Friday, April 9, 2010

Top Chef Restaurant Experience - FLiP

You didn't think that self-appointed "giant Top Chef dork" Jordan Baker would go to Atlanta and not pay a visit to Richard Blais' burger joint, FLiP, did you?

I had a couple of reasons for wanting to go to FLiP Burger Boutique (or however it's capitalized) while we were in Atlanta. The first is, of course, because I'm a giant Top Chef dork. . . or, if you want to be more charitable about it, I've invested so much time in watching that goddamn show that I love getting the chance to actually eat food made/designed/what have you by the people whose cooking skills I've previously had to judge just from sight. It's the real frustration of the show, actually. You can pretty much tell if someone's clothes are well designed, if their hair styling skills are on par, or if their modelling is fierce just from visual cues. Food is a much trickier proposition to discuss if you don't have the chance to smell, touch, and taste it.

The second is because if you're going to be attending a wedding with an open bar later in the day, it's a good idea to lay down a nice layer of grease and salt to soak up the booze. And let's give FLiP credit where it's due -- I managed to put back three glasses of wine and a large-ish vodka and seltzer, and not be anywhere near as think as you drunk I am.

And the third is because. . . um, hello -- burgers. Shakes. Fries. I love them.

So to begin with, the space is beautiful. It's huge, and open, and everything is very crisp and white, but not in a way that feels creepy or sterile. There's a long, gorgeous bar along one wall, and a view into the kitchen area along the wall that's perpendicular to that. They've managed to work in a lot of seating without it feeling cramped (although that might change if they were at capacity), and seriously, they have some sort of magical Zen light bulbs or something. I felt very much at peace the entire time I was there.

We got there at around 2:30 or thereabouts on Friday afternoon, and had no problem getting a table. So we settled in and perused the menu, which is really extensive. It was one of those situations where you actually feel like you have too many choices, and there's no way you can possibly make a selection. Do I want a burger? A bacon cheeseburger? A $39 A-5 burger made with Kobe beef? Do I want a venison burger? A chorizo burger? AN OSSOBUCO BURGER???? And what about the shake? Krispy Kreme? Foie Gras? Nutella and Burnt Marshmallow?

Really, I wanted them all.

We came up with a game plan for sharing sides and so forth, and placed our order. First the shakes:

Clockwise from top left, we have the Turtle Shake, the Banana Pudding Shake, the Nutella and Burnt Marshmallow Shake, and the Coffee and Donut Shake.

I had the Coffee and Donut shake, and it was good. It had a very strong flavor of nutmeg and cinnamon, like one of the cinnamon powdered donuts at Dunkin' Donuts. There wasn't really a definite "coffee" flavor to it, though, more of a pervasive sense of. . .burny-ness? Not in a bad way, though, more like when you go to your grandpa's house and he offers you a cup of coffee, and then reheats it for you from the pot he made that morning that's been sitting around for awhile.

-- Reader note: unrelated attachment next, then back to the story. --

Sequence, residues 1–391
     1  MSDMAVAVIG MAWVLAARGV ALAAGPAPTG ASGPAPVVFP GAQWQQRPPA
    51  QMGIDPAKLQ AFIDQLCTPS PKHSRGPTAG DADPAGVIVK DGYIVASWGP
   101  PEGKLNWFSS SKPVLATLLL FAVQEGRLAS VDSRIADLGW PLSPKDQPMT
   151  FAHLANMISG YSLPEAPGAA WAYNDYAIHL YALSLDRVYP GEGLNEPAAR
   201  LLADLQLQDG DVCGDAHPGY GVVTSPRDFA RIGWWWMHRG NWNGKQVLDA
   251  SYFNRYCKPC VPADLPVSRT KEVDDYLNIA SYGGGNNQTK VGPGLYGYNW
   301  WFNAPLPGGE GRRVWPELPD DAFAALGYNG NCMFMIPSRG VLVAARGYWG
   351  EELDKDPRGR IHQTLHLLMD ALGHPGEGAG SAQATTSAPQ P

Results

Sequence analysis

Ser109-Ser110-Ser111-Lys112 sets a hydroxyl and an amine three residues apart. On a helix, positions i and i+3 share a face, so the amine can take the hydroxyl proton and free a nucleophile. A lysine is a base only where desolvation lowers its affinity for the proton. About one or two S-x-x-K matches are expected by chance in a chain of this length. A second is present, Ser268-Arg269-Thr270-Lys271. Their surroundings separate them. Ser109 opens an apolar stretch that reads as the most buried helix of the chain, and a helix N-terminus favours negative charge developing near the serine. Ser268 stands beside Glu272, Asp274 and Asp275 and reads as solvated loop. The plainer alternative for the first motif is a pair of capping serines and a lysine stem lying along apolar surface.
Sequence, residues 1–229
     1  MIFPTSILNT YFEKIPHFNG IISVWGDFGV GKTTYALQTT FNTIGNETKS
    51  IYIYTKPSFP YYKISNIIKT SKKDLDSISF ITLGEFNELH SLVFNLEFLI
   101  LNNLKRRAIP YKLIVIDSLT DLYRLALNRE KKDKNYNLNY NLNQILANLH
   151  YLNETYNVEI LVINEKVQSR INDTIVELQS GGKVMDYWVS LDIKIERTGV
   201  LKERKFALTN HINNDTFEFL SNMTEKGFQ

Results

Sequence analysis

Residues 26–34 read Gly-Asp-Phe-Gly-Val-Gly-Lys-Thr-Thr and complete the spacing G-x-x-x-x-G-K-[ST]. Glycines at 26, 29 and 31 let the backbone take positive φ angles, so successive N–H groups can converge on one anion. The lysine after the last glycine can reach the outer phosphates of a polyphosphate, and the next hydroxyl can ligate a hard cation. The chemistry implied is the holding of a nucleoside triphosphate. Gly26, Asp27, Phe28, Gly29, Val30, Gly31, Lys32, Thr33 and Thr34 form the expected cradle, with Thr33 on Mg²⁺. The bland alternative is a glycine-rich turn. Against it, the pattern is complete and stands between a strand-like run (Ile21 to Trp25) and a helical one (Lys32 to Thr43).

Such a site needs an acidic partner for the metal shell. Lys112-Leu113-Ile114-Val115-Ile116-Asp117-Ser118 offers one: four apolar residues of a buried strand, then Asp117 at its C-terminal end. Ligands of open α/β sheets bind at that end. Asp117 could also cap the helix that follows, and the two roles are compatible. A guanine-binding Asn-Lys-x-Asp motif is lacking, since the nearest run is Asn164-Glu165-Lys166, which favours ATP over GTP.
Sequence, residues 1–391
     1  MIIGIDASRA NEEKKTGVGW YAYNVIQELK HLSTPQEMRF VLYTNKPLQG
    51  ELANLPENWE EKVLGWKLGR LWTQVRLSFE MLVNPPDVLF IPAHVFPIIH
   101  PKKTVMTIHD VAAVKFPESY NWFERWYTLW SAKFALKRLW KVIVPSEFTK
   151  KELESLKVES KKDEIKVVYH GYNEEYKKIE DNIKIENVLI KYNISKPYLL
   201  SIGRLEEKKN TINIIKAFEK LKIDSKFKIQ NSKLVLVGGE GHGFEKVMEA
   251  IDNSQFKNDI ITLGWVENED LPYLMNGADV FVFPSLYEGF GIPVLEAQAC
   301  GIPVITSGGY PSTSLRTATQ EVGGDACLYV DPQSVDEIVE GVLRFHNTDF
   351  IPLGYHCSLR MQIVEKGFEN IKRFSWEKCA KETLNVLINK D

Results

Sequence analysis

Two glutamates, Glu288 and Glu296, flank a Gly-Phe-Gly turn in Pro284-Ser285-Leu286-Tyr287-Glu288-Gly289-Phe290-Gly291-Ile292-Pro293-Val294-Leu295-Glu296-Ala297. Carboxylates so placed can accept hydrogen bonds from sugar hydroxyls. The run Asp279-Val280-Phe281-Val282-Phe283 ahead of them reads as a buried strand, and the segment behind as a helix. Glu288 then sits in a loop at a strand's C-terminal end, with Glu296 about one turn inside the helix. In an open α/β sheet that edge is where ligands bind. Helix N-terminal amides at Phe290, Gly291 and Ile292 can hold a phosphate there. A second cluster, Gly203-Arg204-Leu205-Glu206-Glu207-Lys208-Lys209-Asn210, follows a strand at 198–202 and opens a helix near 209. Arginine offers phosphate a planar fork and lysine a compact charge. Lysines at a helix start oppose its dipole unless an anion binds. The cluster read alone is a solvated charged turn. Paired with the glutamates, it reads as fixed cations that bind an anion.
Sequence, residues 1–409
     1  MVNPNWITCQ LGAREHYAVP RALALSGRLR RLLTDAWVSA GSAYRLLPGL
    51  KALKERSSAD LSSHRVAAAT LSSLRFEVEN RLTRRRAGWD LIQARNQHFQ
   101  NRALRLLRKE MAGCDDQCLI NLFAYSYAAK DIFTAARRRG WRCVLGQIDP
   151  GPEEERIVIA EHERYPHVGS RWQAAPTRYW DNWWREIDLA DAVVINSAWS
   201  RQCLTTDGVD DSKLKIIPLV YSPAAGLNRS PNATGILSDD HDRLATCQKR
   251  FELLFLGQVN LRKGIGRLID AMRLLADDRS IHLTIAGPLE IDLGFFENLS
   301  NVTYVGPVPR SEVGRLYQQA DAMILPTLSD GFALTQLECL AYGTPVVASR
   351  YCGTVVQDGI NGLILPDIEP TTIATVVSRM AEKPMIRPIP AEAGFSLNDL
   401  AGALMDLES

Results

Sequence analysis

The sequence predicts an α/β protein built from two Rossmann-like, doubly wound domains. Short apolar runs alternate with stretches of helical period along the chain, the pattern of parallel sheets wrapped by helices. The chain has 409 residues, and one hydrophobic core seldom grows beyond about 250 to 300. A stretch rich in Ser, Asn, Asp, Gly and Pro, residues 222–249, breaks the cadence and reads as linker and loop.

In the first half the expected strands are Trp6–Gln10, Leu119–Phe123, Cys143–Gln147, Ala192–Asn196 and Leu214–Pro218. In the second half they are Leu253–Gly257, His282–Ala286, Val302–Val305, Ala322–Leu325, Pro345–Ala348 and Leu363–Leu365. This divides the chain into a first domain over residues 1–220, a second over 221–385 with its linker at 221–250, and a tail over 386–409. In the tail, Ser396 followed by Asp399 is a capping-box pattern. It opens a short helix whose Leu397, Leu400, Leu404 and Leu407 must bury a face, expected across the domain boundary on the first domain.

And I realize that's probably a lot of people's definition of burny "in a bad way," but you have to think of it in terms of sense memory. Yes, you're getting that burny, plethy taste of grandpa coffee, but it doesn't raise a "pleh, pleh! Burny!" reaction. Instead, it raises an "aw, grandpa coffee!" reaction. And the texture was good, which is always an important factor with any milk shake.

The other shakes got overwhelmingly positive reviews (I'll leave it to the shake drinkers to comment on their specific shakes if they wish), although the Nutella and Burnt Marshmallow was, according to its drinker, super rich, and she couldn't finish it (she didn't leave it, though -- so it was good enough that even if unfinishable in one seating, it was worth taking home with you).

For sides, we decided to order three and share so that we'd get to taste both their basics --French Fries and Onion Rings -- and one of their more exotic offerings:

So here we have (clockwise from the top, and very blurry) Vodka Battered Onion Rings with Beer Honey Mustard, Panko & Parmesan Zucchini Fries with Gremolata Mayo, and Hand Cut French Fries with Smoked Mayo and Ketchup.

The fries were good. There's not much more you can say about them than that -- they're fries. They had an appropriate amount of grease and salt, in that both were present but not overwhelming. The smoked mayonnaise, however, was DELICIOUS. I would like to soak in a vat with it.

The vodka battered onion rings were great. The batter was light and crisp and delicious, and managed not to overwhelm the onion. And -- AND -- I'll never understand how they managed this, but they seem to have invented THE ONLY ONION RING IN WORLD HISTORY that you can bite a small piece out of without accidentally pulling the whole long, unbroken string of onion out with it. Seriously, folks: I have eaten some onion rings in my life, and I've never seen this happen before. I have to assume that it has something to do with the vodka batter, which allows the onion to stay crispy and breakable instead of becoming a long, limp, overfried string.

The zucchini fries, though, were the true star. The Parmesan and panko breading was flaky and full of flavor, and the the zucchini was melt-in-your-mouth and had a delicious lemony taste. So good.